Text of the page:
Godson Yard, NW6 Godson Yard is a new development dating from 2005.
Granville Road, NW6 Granville Road, NW6 was formerly Pembroke Road.
Grittleton Road, W9 Grittleton Road is a street in Maida Vale.
Hansel Road, NW6 Hansel Road is one of the streets of London in the NW6 postal area.
Heather Walk, W10 Heather Walk lies in the Queen’s Park Estate
Herries Street, W10 Herries Street is a street in the Queen's Park Estate, London W10
James Collins Close, W9 James Collins Close is a street in Maida Vale.
John Fearon Walk, W10 This is a street in the W10 postcode area
Kensal Road, W10 Kensal Road, originally called Albert Road, is the heart of Kensal Town.
Kilburn Lane, NW6 Kilburn Lane is one of the streets of London in the NW6 postal area.
Kilburn Lane, W9 Kilburn Lane is a street in Maida Vale.
Kilburn Park Road, NW6 Kilburn Park Road was built along the course of the Bayswater Rivulet (the River Westbourne), starting in 1855
Lancefield Street, W10 Lancefield Street runs from Caird Street to Bruckner Street.
Lanhill Road, W9 Lanhill Road is a street in Maida Vale.
Lydford Road, W9 Lydford Road is a street in Maida Vale.
Macroom Road, W9 Macroom Road is a street in Maida Vale.
Malvern Mews, NW6 Street/road in London NW6
Malvern Mews, NW6 Malvern Mews is a road in the W9 postcode area
Malvern Place, NW6 Street/road in London NW6
Malvern Road, NW6 Street/road in London NW6
Marban Road, W9 Marban Road is a street in Maida Vale.
Masefield House, NW6 Residential block
Mozart Street, W10 Mozart Street was part of the second wave of development of the Queen’s Park Estate.
Nelson Close, NW6 Street/road in London NW6
Neville Close, NW6 Street/road in London NW6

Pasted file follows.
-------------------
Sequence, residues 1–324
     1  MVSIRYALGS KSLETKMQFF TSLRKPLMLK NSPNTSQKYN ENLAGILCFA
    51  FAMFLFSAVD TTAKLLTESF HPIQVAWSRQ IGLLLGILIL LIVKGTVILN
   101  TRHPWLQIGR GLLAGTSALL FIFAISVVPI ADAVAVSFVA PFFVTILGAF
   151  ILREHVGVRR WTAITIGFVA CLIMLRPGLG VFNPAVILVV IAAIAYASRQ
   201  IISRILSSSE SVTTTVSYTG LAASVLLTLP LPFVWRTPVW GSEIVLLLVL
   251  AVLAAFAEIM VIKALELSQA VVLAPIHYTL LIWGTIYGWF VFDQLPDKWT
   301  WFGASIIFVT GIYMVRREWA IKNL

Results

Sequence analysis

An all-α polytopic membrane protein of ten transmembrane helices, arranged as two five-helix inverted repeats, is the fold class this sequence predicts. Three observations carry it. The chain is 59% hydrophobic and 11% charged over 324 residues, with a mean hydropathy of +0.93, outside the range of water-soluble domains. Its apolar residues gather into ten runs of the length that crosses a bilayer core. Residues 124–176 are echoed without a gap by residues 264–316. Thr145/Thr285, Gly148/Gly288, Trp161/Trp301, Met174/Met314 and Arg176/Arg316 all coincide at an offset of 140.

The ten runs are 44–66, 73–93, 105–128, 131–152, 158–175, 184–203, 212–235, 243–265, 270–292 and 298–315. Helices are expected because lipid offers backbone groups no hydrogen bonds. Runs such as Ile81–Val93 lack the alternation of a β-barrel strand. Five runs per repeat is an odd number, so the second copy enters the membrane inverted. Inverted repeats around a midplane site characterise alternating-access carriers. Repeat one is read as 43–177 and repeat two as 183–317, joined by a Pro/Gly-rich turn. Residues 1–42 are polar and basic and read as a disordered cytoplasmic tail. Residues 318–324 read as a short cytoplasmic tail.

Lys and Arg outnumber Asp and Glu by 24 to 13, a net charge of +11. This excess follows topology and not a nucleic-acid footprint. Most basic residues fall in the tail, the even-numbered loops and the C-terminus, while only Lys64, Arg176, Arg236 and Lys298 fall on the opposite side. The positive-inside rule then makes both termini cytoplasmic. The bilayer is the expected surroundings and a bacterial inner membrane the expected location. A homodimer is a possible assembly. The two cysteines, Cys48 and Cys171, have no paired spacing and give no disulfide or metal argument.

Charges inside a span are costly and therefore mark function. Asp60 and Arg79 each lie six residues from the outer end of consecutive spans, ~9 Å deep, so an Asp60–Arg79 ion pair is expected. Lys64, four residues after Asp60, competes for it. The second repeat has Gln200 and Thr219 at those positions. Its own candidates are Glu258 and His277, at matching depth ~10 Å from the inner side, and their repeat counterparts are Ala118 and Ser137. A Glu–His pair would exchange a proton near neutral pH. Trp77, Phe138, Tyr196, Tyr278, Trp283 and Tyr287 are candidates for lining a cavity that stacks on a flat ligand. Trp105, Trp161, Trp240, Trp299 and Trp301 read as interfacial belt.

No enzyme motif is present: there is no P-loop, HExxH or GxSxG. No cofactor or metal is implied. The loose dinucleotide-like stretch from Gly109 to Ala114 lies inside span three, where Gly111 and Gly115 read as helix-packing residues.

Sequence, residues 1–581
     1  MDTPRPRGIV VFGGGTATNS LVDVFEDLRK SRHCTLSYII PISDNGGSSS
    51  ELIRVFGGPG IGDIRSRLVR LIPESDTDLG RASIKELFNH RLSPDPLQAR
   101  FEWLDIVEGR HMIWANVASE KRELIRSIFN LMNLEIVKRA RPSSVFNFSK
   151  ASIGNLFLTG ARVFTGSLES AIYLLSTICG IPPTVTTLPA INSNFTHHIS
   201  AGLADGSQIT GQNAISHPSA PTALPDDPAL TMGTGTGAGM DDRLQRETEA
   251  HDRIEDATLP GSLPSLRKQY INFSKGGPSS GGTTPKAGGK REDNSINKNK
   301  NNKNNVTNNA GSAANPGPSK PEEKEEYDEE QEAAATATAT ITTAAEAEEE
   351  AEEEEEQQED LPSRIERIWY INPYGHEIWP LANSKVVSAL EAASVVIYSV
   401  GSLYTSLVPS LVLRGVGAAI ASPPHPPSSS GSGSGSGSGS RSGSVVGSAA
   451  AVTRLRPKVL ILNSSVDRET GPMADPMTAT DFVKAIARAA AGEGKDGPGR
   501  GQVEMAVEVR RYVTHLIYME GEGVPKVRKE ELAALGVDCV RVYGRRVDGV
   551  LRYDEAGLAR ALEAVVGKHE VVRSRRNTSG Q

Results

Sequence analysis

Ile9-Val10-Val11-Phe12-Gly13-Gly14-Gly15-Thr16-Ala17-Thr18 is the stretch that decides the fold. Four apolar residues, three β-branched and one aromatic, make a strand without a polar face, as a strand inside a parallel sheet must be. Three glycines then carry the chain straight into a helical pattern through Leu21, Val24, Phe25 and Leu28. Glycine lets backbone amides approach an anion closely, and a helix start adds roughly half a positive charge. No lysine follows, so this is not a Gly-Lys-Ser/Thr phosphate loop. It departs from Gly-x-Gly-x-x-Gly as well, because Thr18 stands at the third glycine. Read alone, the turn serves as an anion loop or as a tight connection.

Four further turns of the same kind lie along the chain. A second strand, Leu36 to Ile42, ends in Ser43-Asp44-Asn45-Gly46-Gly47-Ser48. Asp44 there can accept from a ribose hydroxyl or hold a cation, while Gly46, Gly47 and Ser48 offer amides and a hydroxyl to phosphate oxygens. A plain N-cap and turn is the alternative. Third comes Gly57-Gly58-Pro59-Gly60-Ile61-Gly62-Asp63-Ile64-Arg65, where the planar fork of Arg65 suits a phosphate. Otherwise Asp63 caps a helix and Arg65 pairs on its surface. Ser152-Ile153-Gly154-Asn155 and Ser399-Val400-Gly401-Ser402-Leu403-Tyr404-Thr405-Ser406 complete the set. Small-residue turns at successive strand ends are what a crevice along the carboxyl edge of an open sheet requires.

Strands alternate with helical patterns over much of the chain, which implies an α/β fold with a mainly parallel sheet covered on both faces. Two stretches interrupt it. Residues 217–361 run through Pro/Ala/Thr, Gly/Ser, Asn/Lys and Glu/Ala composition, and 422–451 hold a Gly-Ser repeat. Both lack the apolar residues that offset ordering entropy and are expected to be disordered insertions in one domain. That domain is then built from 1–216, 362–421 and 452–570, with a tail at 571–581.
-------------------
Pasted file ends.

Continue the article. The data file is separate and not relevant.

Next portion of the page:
Neville Road, NW6 Street/road in London NW6
Nexus Court, NW6 Nexus Court is a location in London.
Onslow Close, W10 Onslow Close is in the Queen's Park Estate, London W10
Parry Road, W10 Parry Road is on the Queen's Park Estate, London W10
Peel Precinct, NW6 Peel Precinct is a road in the NW6 postcode area
Pennymore Walk, W9 Pennymore Walk is a close which lies off of Ashmore Road.
Pentland Road, NW6 Street/road in London NW6
Portnall Road, W9 Portnall Road is a street in Maida Vale.
Riverton Close, W9 Riverton Close is a street in Maida Vale.
Saltram Crescent, W9 Saltram Crescent is a street in Maida Vale.
Second Avenue, W10 Second Avenue is one of the streets of the Queen's Park Estate, W10
Selby Square, W10 Selby Square is a walkway in the Queen’s Park Estate
Severn Avenue, W10 Severn Avenue is a newer thoroughfare in the Queen's Park Estate, London W10
Shirland Mews, W9 Shirland Mews is a street in Maida Vale.
Shirland Road, W9 Shirland Road is one of the main thorughfares of Maida Vale.
Stafford Close, NW6 Street/road in London NW6
Stafford Road, NW6 Street/road in London NW6
Stansbury Square, W10 This is a street in the W10 postcode area